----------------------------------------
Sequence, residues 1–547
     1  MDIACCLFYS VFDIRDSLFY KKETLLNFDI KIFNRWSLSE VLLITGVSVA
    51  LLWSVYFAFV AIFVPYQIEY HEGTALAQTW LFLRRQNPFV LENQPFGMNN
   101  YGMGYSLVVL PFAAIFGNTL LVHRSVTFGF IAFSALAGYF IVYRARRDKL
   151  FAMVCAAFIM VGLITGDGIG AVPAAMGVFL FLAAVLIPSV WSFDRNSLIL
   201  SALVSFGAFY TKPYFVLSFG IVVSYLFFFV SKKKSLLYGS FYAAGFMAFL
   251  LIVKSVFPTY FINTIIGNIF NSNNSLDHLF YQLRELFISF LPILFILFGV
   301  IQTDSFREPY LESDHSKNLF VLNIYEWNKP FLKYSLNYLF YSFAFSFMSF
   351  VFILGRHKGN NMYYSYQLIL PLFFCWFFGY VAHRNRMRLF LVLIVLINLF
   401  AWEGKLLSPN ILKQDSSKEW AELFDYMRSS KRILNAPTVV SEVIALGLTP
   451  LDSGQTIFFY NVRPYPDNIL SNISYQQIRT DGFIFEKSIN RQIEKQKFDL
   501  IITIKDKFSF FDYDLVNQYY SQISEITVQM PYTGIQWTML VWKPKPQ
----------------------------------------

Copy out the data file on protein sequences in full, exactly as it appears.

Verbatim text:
Sequence, residues 1–547
     1  MDIACCLFYS VFDIRDSLFY KKETLLNFDI KIFNRWSLSE VLLITGVSVA
    51  LLWSVYFAFV AIFVPYQIEY HEGTALAQTW LFLRRQNPFV LENQPFGMNN
   101  YGMGYSLVVL PFAAIFGNTL LVHRSVTFGF IAFSALAGYF IVYRARRDKL
   151  FAMVCAAFIM VGLITGDGIG AVPAAMGVFL FLAAVLIPSV WSFDRNSLIL
   201  SALVSFGAFY TKPYFVLSFG IVVSYLFFFV SKKKSLLYGS FYAAGFMAFL
   251  LIVKSVFPTY FINTIIGNIF NSNNSLDHLF YQLRELFISF LPILFILFGV
   301  IQTDSFREPY LESDHSKNLF VLNIYEWNKP FLKYSLNYLF YSFAFSFMSF
   351  VFILGRHKGN NMYYSYQLIL PLFFCWFFGY VAHRNRMRLF LVLIVLINLF
   401  AWEGKLLSPN ILKQDSSKEW AELFDYMRSS KRILNAPTVV SEVIALGLTP
   451  LDSGQTIFFY NVRPYPDNIL SNISYQQIRT DGFIFEKSIN RQIEKQKFDL
   501  IITIKDKFSF FDYDLVNQYY SQISEITVQM PYTGIQWTML VWKPKPQ